An oil filter is a filter designed to remove contaminants from engine oil, transmission oil, lubricating oil, or hydraulic oil. Oil filters are used in many different types of hydraulic machinery. A chief use of the oil filter is in internal-combustion engines in on- and off-road motor vehicles, light aircraft, and various naval vessels. Other vehicle hydraulic systems, such as those in automatic transmissions and power steering, are often equipped with an oil filter. Gas turbine engines, such as those on jet aircraft, also require the use of oil filters. Aside from these uses, oil production, transport, and recycling facilities also employ filters in the manufacturing process.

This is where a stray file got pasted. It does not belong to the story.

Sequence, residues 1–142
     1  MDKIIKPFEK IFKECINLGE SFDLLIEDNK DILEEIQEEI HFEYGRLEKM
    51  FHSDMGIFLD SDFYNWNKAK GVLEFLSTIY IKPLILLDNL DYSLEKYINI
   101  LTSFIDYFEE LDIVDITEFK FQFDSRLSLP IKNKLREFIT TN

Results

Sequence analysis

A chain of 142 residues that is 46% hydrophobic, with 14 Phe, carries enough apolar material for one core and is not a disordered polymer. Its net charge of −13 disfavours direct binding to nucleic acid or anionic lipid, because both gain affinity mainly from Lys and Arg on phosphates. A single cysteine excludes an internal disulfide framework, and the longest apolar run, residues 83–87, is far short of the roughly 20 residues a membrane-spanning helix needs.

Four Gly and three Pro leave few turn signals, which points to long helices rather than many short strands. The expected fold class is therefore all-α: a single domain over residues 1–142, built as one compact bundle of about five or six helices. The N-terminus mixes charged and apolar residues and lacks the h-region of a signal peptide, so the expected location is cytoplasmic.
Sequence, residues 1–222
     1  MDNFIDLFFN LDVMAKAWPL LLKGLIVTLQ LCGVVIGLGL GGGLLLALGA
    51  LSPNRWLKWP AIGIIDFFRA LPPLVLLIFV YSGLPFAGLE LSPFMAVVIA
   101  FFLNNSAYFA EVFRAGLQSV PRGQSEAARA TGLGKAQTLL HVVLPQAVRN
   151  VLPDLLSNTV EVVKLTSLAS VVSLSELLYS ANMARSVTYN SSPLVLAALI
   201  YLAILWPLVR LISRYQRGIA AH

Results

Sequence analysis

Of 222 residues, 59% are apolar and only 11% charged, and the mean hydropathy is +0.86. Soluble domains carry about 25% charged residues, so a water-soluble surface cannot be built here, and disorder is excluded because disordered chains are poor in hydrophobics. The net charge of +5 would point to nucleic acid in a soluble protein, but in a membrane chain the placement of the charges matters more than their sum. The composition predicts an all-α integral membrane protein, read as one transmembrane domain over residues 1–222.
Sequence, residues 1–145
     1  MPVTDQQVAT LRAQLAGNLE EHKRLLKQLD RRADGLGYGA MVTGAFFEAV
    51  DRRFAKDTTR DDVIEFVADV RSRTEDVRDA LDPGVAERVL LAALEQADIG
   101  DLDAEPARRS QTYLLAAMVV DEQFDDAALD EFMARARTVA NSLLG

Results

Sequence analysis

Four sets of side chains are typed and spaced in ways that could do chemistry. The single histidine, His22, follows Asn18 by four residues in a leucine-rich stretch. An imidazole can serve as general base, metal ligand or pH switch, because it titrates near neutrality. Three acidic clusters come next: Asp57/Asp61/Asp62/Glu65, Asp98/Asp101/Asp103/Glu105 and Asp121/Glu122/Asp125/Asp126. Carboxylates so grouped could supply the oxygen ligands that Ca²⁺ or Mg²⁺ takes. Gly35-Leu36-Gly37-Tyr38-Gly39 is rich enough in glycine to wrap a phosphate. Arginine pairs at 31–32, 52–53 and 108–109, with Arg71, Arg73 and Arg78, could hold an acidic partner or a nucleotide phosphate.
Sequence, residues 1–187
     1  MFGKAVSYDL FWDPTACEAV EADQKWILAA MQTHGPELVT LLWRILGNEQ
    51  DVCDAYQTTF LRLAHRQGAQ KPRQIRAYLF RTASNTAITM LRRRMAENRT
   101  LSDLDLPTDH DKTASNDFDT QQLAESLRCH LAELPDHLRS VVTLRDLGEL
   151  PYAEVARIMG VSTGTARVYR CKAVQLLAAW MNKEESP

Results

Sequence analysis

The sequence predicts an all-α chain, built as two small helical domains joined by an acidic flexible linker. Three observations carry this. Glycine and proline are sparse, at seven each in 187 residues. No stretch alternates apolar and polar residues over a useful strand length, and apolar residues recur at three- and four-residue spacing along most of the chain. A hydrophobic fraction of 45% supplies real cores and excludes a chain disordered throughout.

Early automobile engines did not use oil filters. For this reason, along with the generally low quality of oil available, very frequent oil changes were required. The first oil filters were simple, generally consisting of a screen placed at the oil pump intake. In 1923, American inventors Bobby Evans devised an automotive oil filter and called it the Purolator, a portmanteau of “pure oil later”. This was a bypass filter: most of the oil flowed directly from the oil pan to the engine’s working parts, and a smaller proportion of the oil was sent through the filter via a second flow path in parallel with the first.
The oil was thus filtered over time. Modern bypass oil filter systems for diesel engines are becoming popular in consumer applications, but have been in commercial use for some time due to potential reduction in maintenance costs. Oil filters are generally located near the middle or bottom of the engine.